• WANG, YUFEI: Numerical Modeling of Geological Carbon Sequestration: Enhanced Dissolution in Randomly Heterogeneous Media
    Author: WANG, YUFEI
    Thesis file: (contact the Doctoral School to confirm you have a valid doctoral degree and to get the link to the thesis)
    Programme: DOCTORAL DEGREE IN GEOTECHNICAL ENGINEERING
    Department: (DECA)
    Mode: Normal
    Deposit date: 24/05/2022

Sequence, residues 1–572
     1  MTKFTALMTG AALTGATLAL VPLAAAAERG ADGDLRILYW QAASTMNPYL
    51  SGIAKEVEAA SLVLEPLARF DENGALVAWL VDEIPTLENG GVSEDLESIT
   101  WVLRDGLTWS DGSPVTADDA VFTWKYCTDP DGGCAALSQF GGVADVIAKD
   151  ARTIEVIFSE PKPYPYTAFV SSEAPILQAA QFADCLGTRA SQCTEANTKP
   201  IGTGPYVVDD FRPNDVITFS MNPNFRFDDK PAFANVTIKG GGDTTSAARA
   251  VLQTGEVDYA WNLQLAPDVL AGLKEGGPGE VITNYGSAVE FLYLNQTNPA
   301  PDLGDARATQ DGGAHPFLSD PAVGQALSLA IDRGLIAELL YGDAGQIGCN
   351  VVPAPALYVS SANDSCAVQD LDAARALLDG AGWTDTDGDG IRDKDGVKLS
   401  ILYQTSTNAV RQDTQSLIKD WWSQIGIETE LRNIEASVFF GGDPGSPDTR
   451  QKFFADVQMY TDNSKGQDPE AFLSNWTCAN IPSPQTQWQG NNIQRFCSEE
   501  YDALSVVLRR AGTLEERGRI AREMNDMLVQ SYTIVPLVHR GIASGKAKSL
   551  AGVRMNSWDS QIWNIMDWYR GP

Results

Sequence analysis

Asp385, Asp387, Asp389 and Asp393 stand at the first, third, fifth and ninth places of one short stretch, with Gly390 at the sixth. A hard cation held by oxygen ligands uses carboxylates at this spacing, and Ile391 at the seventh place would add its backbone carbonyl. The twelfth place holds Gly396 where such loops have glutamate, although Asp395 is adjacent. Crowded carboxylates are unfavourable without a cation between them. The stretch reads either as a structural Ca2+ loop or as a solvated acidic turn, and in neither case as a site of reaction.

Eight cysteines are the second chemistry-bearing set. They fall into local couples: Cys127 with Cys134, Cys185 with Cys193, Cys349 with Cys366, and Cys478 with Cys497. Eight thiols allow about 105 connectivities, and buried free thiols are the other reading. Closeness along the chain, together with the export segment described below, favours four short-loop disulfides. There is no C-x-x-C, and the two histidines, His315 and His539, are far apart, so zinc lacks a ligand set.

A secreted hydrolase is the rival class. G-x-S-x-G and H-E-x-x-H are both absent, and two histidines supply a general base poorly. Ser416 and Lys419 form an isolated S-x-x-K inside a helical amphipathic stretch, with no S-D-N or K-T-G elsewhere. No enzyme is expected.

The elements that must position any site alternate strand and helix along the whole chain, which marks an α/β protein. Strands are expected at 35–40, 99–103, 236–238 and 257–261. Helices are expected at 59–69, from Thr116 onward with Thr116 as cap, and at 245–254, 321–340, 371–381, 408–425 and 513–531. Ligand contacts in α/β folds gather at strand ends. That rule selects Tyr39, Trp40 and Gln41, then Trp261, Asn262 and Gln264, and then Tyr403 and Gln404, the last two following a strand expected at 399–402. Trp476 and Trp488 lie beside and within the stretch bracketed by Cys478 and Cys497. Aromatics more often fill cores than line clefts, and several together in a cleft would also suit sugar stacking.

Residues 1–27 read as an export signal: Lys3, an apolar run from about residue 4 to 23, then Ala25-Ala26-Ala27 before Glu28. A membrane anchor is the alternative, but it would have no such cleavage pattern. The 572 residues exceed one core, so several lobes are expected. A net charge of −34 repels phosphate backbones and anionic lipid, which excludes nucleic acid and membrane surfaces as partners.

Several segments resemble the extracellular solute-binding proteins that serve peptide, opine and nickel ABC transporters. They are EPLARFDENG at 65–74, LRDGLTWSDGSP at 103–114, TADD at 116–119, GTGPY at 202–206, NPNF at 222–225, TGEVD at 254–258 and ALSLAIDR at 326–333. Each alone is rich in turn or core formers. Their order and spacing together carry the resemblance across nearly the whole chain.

Deposit END date: 07/06/2022
    Thesis director: FERNANDEZ GARCIA, DANIEL
    Committee:
         PRESIDENT: CARRERA RAMIREZ, JESUS
         SECRETARI: SANCHEZ VILA, FRANCISCO JAVIER
         VOCAL: VILARRASA RIAÑO, VÍCTOR